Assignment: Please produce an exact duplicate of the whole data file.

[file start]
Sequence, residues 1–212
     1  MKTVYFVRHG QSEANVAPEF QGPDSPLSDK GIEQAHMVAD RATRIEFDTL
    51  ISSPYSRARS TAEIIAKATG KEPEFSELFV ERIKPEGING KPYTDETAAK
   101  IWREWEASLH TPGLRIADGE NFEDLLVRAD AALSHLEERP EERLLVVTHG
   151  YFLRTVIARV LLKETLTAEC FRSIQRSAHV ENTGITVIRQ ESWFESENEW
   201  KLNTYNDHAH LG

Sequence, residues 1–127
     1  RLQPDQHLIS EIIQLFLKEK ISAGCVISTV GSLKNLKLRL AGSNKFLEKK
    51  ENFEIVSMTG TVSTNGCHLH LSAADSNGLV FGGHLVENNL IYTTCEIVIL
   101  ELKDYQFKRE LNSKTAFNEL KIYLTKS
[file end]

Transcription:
Sequence, residues 1–212
     1  MKTVYFVRHG QSEANVAPEF QGPDSPLSDK GIEQAHMVAD RATRIEFDTL
    51  ISSPYSRARS TAEIIAKATG KEPEFSELFV ERIKPEGING KPYTDETAAK
   101  IWREWEASLH TPGLRIADGE NFEDLLVRAD AALSHLEERP EERLLVVTHG
   151  YFLRTVIARV LLKETLTAEC FRSIQRSAHV ENTGITVIRQ ESWFESENEW
   201  KLNTYNDHAH LG

Sequence, residues 1–127
     1  RLQPDQHLIS EIIQLFLKEK ISAGCVISTV GSLKNLKLRL AGSNKFLEKK
    51  ENFEIVSMTG TVSTNGCHLH LSAADSNGLV FGGHLVENNL IYTTCEIVIL
   101  ELKDYQFKRE LNSKTAFNEL KIYLTKS